No question all of these things can be learned. We now know that the human brain is very plastic – it’s good at changing, adapting and retraining. In the book, I talk about ‘myelination’. For example, I swim every day and every day I see swimmers who really don't know what they're doing. They have a terrible stroke, their arms in the wrong position, their hands in the wrong position and so on. They’ve ‘myelinated’ the wrong way to do things. But then I also see a young person being coached and learning to myelinate the proper way to do things. All of a sudden, this kid is like a torpedo in the water. Essentially, we have the ability to create very robust systems around bad behaviours, but we can also recreate them around good behaviours. And we can retrain ourselves at any age. It all depends on who we want to model ourselves on.
Any final words of encouragement before we jump into the five traits?
Whenever I give a speech, I always ask the audience: who wants to be average? No one wants to be average. Who wants to be exceptional? Everybody raises their hand. Then I ask: how do you become exceptional? Everybody just looks at each other, because no university teaches you how to be exceptional. This is something you have to teach yourself. The great thing is, though, there’s no cost to any of this! All of my experience has taught me that learning the things I talk about is very effective – and it costs nothing.
JOE NAVARRO’S 5 STEPS TO BECOMING AN EXCEPTIONAL LEADER
Exceptional people are not perfect. What they have is a keen ability to always be in a conversation with themselves: Who am I? What am I? Can I improve on what I do each day? Do I command my emotions or do they command me? Do I let other things command me? By being honest with themselves, they give themselves a sort of self-apprenticeship. They learn to take control of external factors as well as their emotions. This is how someone like Benjamin Franklin can come from nowhere – aged 17 he arrived in Philadelphia from Boston with a dollar in his pocket – and become exceptional. He looked at what successful people did and taught himself these things, learning to read and write, how to dress a certain way, and eventually impressing the state governor and going to England to further himself.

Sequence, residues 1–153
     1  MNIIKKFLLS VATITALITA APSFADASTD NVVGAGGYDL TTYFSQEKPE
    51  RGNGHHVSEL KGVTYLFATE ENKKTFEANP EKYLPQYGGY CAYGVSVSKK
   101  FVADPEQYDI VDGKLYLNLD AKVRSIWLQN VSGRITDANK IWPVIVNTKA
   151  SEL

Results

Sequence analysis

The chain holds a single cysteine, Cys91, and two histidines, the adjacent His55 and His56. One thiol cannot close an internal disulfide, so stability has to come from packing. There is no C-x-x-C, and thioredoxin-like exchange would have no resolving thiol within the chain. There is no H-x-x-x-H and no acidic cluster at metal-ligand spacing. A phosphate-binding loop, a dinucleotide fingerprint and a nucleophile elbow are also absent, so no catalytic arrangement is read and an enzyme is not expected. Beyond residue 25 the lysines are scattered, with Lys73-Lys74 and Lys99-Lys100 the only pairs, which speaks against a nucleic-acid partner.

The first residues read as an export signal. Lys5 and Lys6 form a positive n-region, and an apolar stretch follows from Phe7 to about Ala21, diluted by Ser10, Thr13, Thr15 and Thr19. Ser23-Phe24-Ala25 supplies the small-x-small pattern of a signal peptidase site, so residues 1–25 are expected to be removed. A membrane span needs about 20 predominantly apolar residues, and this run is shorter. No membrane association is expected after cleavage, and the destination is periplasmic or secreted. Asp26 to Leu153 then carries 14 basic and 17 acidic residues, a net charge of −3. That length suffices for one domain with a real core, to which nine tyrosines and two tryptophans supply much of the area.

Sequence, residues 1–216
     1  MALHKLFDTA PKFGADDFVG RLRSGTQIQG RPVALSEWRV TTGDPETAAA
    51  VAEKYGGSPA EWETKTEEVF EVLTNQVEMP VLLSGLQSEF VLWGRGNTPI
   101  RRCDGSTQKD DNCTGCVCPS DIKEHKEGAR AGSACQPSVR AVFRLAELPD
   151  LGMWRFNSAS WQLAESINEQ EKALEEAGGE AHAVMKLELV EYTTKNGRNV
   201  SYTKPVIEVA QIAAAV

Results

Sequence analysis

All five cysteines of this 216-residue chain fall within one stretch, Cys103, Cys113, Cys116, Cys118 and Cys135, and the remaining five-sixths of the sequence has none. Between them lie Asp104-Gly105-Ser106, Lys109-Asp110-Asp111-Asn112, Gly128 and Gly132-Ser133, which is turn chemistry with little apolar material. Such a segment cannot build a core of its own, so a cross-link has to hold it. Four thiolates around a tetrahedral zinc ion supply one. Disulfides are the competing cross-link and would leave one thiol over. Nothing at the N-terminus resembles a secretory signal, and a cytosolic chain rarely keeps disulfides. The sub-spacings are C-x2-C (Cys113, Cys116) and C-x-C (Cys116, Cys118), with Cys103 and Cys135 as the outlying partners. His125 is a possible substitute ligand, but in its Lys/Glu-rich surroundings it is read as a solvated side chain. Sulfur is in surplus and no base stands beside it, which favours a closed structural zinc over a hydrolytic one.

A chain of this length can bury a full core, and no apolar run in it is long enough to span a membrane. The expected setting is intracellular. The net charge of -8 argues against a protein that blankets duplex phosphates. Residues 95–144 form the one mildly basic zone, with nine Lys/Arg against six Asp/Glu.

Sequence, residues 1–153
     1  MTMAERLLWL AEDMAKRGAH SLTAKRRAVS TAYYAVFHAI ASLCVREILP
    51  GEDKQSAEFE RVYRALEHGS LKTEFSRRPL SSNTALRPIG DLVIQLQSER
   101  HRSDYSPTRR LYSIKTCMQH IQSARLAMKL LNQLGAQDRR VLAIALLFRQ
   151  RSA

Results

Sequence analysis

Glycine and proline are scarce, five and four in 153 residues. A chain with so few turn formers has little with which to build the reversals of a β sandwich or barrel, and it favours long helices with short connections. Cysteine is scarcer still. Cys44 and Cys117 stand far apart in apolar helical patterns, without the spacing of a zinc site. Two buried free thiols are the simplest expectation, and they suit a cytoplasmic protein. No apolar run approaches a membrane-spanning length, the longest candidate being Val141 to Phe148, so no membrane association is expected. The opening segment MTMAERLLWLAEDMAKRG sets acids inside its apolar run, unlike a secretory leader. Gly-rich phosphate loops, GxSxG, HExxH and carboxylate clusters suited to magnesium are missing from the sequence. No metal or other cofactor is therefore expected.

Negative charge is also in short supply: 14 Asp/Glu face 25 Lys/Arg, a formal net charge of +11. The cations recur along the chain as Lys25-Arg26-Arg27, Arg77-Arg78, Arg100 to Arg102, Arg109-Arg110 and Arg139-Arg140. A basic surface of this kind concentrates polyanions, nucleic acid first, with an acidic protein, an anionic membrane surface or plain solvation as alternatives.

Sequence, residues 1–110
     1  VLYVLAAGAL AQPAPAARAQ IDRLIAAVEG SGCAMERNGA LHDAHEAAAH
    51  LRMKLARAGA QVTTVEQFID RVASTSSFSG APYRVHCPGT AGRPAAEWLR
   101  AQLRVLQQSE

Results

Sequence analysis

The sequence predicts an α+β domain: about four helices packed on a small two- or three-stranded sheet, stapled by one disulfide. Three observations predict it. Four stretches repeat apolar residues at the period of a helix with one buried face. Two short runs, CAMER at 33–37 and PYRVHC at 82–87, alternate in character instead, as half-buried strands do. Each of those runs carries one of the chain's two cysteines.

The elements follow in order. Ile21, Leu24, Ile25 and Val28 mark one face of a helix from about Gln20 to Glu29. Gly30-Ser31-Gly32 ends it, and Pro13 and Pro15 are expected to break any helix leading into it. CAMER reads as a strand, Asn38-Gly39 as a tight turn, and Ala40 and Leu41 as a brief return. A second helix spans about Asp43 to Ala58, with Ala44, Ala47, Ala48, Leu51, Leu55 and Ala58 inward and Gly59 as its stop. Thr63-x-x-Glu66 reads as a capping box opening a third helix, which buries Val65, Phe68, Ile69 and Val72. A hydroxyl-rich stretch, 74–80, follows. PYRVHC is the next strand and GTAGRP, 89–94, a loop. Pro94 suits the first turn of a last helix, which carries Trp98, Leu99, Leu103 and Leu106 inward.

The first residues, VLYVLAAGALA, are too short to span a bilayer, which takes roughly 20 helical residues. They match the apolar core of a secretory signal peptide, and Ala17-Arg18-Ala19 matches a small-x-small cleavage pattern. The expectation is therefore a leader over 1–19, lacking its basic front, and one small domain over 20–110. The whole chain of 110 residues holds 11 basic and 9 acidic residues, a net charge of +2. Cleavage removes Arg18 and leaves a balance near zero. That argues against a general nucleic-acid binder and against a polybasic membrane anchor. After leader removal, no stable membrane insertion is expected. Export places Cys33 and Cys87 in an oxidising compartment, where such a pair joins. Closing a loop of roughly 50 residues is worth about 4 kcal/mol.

Exceptional people are great observers. When I was working out West in the States, I would run into farmers who could tell me exactly what was going on with the weather, the vegetation, their land and every single one of their animals. They had a mastery of their environment, driven by their ability to observe. They would know a horse needed its hooves cleaning because it was moving ever so slightly slowly. They were great observers because they could see the needs, wants and desires of others. I’ve often seen this same ability in grandmothers, who know everything about their families. I don’t always see it in designated leaders – they might have a grand vision for their organisation, but are they attentive to everyone around them? Only the exceptional ones are.
Exceptional people can communicate effectively – verbally and non-verbally. They can communicate what’s essential (information, skills and so on) but they can also communicate to get along with people. This is the ability to say – or do – the right thing at the right time. The hug, the helping hand across the street, the kiss on the forehead – these are so important I think there should be a Nobel prize for non-verbal communication.
Exceptional people can act quickly and in the interests of everyone. Because they have mastery over themselves, because they have great observation skills and because they communicate so effectively, there is no hesitation. They can take beneficial action more dynamically and effectively. I teach future leaders at Harvard once a year and this is what I talk about. We communicate through our actions. The quicker we communicate, the quicker we take action. The quicker we take action, the more positively people will view us – because decisive, positive action is not something you see a lot of. It stands out.
- Psychological Comfort
Exceptional people understand that we all crave psychological comfort. Most people don’t understand this – they think we seek perfection. We don’t. Think of babies: when a dummy’s not available, a thumb will do; when the thumb’s not available, a teddy bear will do; when the teddy’s not there, its mother’s dress will do. We are the same. Studies have shown that, at night, drivers will go to the petrol station that has more lights on. Because it feels safer. The ability to provide psychological comfort in this day and age is what the book really delves into – and what really sets exceptional people apart.